A Letter from Dr. Vinod Prakash, Founder, and CEO of IDRF
My story will sound quite like that of most Indians who immigrated to the U.S. in the 1960s. My wife and I came to the U.S. for higher education and settled here. As a typical Indian couple, we kept in close contact with our family and friends. But we went a step further – emotionally, rationally, and spiritually – in connecting our lives here with our roots in India.
Emotionally, we are deeply bonded to the U.S. – our adopted land for living and action (karmabhoomi) – and to India – the land of our birth and ancestors (matrabhoomi). We feel immensely grateful to both these great nations for who we are today.
Rationally, we consider ourselves to be privileged because we had the opportunity to receive an education in India. While millions of Indian children were and still are deprived of education, I received a quality college education which enabled me to study at the Massachusetts Institute of Technology (MIT), work at the World Bank and create a comfortable life in America. For this, I felt I owed a debt to Indian society at large and I wanted to make a difference in the lives of the less privileged.
Spiritually, I began reflecting on my life’s mission, often holding intimate dialogues with myself. Are material accomplishments and loving friends and family enough to realize one’s contentment (atmasanthushthi) in life? Or is there a bigger meaning waiting to be discovered?
In what now seems to have been a instance of divine guidance, I decided to retire during the 1987 World Bank reorganization and established a charitable organization called India Development and Relief Fund, Inc. (IDRF). It was approved in 1988 as a tax-exempt public charity under IRS Code 501(c)(3).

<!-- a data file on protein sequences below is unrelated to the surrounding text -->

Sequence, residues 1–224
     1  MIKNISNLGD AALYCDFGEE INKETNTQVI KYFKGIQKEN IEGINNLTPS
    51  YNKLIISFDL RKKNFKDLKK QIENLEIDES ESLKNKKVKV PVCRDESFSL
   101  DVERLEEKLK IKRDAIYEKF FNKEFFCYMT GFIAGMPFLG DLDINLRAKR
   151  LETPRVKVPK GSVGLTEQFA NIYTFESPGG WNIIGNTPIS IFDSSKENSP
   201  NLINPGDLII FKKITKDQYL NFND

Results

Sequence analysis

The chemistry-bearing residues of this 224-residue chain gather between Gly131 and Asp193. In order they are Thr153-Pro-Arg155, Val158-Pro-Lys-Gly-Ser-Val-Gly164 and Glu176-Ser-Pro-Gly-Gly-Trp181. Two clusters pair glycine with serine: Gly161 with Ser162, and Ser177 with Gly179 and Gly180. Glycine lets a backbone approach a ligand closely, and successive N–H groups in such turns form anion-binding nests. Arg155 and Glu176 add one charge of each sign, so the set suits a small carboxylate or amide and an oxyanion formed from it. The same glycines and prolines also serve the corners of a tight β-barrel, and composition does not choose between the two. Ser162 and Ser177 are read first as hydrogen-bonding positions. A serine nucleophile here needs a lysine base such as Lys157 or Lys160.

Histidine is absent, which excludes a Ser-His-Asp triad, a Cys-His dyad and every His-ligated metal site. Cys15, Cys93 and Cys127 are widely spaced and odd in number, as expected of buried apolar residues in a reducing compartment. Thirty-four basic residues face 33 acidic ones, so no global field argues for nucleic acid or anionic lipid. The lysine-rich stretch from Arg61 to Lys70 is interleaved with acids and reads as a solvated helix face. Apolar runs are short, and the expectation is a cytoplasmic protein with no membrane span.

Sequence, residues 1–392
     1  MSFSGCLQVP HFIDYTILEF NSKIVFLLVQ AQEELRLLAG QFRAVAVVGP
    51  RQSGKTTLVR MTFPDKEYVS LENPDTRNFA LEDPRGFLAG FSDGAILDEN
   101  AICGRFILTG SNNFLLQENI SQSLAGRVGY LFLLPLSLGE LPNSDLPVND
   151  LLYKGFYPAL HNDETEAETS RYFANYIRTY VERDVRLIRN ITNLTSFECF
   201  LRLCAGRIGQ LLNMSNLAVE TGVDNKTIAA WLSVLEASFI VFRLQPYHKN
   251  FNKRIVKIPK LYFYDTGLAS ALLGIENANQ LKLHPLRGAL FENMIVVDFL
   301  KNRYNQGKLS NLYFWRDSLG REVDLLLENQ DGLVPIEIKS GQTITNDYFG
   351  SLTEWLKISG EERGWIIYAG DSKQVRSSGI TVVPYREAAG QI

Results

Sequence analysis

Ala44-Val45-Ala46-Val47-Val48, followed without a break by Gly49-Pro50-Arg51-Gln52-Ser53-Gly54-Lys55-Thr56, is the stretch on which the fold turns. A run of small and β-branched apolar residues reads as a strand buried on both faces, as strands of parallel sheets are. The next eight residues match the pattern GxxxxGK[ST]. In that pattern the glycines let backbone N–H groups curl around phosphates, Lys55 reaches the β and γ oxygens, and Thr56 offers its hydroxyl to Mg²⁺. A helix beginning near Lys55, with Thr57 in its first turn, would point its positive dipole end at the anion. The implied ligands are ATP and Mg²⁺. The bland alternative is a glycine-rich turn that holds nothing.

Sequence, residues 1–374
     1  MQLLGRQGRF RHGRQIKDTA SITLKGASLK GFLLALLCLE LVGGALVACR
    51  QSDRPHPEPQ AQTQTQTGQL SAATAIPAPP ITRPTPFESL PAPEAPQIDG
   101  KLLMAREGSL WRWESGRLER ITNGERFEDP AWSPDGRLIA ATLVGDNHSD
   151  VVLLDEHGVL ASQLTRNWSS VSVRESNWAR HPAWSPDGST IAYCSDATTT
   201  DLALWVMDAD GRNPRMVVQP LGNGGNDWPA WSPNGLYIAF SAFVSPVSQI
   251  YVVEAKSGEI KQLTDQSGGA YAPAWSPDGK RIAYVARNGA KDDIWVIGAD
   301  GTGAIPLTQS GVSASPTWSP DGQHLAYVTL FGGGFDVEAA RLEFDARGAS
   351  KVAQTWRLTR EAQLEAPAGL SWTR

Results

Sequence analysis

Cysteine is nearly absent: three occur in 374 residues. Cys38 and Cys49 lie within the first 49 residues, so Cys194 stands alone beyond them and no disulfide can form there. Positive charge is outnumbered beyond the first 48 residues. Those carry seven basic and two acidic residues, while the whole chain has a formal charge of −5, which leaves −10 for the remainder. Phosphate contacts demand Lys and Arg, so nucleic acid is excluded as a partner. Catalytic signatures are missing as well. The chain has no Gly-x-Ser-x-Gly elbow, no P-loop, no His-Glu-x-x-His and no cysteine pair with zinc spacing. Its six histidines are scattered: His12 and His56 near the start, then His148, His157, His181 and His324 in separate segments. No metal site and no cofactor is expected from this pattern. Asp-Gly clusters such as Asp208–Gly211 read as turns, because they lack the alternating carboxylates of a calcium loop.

An amazing journey has been unfolding for my wife and I ever since. As IDRF expanded its programs and built partnerships with donors in the U.S. , we realized that people have an innate desire to do good. I also felt a deep sense of joy, which multiplied every time I heard how IDRF’s beneficiaries were enjoying better quality of life and realizing their potential.
Two decades ago, we saw the dire need for medical facilities in the interior of India when we came across four people walking miles to a clinic while carrying a sick patient on a cot. Since then, IDRF has funded 30 mobile medical clinics in 15 states, mostly serving rural and tribal communities.
In places where there was nothing resembling a school, IDRF started supporting one-teacher schools (ekal vidyalayas). These schools provide about 3 hours of lessons a day to 20-30 children. IDRF supports each school for just $200 to $300 a year. Former students of these schools have gone on to earn college degrees.
These are some of our many heart-warming stories of progress. IDRF’s mission of service to humanity has thus become my life-long passion as well. But all this would not have been possible without the unstinting support of my family and our dedicated volunteers. No words can adequately express my immense gratitude to IDRF’s donors, who have continually put their trust in us and the non-governmental organizations in India who are committed to the cause and are working tirelessly for it.
I encourage and invite all our donors and the curious minded to visit any of our program sites in India for a truly enriching experience!